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  • Writer's pictureAndi

Hurricane Ian

Hurricane Ian

In my next life I want the job of naming the hurricanes! I am sure as every hurricane is named, someone has a family member with that same name, and it sparks jokes around the house. This one is for my younger brother, Ian. Growing up, he was a skinniest little hurricane running all over the house. He was (still is) very mischievous, and his energy was boundless. The air would be calm and then in came Ian and the energy shifted with him racing around and often making us laugh with his antics.

Ian told me that he flew from Florida on Thurs right through the hurricane on take-off and felt the turbulence again on the landing. The flight above the storm was completely smooth. We talked how life mimics nature where most of us are equipped to manage a rainy day, flash flood or tropical storm but a hurricane casts a wider net and causes significant damage which can take months and years from which to recover. So, here are two questions to consider:

  1. How do we safely get through an emotional hurricane when it comes from the outside?

  2. How do we acknowledge when we are heading into our own emotional hurricane and need to face the storm from the inside?

For both questions, the answer is: Be present in our conscious awareness. Science says for every action, there is an equal and opposite reaction. Being conscious breaks this pattern by diffusing a negative action and not putting energy into a reaction.

The best way to immediately manage a hurricane that slams us from the outside, is to do nothing! Usually if it’s already a hurricane, it has little to do with you because that would be considered a flash flood.

At some point, we all go into hurricane mode internally and want to blurt out our feelings to release tension. It is even more important to know when this is happening so we don’t leave a trail of damage in our path. Hurricane Ian which was formed in nature will not revisit the same place more than once. After a human hurricane has dissipated, we tend to revisit the situation thousands of times not allowing it to completely fade away. If you are blindsided, do not say anything in the moment. Walk/run away in the same way that you would take shelter from a hurricane that is coming in your direction. Once the storm has passed then you can revisit it more calmly.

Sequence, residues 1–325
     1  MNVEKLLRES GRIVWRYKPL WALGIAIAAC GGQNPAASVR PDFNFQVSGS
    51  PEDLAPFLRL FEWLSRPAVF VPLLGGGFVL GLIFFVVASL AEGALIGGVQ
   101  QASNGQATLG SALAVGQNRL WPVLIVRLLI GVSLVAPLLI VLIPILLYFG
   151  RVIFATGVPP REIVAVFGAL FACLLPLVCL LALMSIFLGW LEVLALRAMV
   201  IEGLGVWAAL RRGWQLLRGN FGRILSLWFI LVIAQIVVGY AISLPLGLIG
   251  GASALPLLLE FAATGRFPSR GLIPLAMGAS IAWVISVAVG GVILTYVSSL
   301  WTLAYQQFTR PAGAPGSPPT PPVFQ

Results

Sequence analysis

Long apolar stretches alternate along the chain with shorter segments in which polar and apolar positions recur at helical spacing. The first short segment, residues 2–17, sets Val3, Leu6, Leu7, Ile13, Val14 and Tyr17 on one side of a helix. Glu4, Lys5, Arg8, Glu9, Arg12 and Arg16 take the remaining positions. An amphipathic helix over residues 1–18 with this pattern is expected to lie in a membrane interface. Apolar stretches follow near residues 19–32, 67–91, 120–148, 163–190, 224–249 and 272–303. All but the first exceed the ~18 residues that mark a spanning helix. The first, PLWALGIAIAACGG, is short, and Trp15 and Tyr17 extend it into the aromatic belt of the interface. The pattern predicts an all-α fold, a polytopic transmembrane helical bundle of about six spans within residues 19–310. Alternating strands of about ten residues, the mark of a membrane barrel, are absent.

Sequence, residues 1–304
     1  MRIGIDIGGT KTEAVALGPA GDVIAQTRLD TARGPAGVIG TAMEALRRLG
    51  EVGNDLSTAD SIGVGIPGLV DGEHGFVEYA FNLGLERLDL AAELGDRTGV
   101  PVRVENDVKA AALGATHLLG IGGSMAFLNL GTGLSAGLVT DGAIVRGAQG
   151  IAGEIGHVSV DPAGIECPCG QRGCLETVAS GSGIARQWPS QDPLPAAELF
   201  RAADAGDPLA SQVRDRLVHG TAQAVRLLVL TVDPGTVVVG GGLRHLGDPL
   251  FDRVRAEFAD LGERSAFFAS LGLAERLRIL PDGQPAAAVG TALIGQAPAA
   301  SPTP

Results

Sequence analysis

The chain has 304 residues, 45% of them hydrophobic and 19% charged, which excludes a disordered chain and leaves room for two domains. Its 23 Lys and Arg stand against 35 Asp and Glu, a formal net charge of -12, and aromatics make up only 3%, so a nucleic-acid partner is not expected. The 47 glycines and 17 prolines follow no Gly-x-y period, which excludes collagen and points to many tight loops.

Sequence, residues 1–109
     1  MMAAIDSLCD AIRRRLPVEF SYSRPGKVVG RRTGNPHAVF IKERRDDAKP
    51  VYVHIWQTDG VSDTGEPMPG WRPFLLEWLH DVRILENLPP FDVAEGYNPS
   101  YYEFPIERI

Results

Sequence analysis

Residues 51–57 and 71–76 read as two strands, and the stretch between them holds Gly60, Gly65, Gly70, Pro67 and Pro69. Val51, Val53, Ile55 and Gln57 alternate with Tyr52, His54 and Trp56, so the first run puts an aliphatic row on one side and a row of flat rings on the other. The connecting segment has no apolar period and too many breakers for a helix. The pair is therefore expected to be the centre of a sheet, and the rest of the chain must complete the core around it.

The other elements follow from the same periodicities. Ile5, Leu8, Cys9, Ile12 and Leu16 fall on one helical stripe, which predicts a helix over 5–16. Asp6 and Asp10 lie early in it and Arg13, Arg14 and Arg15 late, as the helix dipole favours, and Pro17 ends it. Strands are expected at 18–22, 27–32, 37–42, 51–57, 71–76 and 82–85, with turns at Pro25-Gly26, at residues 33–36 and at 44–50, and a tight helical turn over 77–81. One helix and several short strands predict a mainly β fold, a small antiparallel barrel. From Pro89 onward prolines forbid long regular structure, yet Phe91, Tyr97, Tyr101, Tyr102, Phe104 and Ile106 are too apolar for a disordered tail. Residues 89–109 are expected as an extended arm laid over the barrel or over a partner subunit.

For Parents: A toddler’s tantrum is a hurricane of frustration because they don’t yet have language or the tools to self soothe. At this young age we are lucky because their screaming tantrums without words don’t cause personal hurt like the words from a teenager’s tantrum. It’s important not to escalate the hurricane by joining in. Stay in your present mind and think how you can diffuse it. Separate yourself from the words. Picture yourself as an observer not as a participant. Be a role model in being both conscious and controlled. For me, different days require different self-soothing tools. Sometimes its breathing and calming myself. Sometimes its blaring music and a power walk. It does happen when life hits us from all angles and we get caught up in the hurricane letting words fly out only to leave us in regret. This is time to revisit the toolbox from Parent Do Overs. Go back and read a few blogs for suggestions.

If you find there is a repetitive pattern with hurricanes in your family or with relationships and you need guidance, I am here to help break the pattern with a Do Over. Sometimes a Do Over is to ultimately release and not fix. While the air in a hurricane goes in circles, we do not have to be a ragdoll in the wind.

~ Andi

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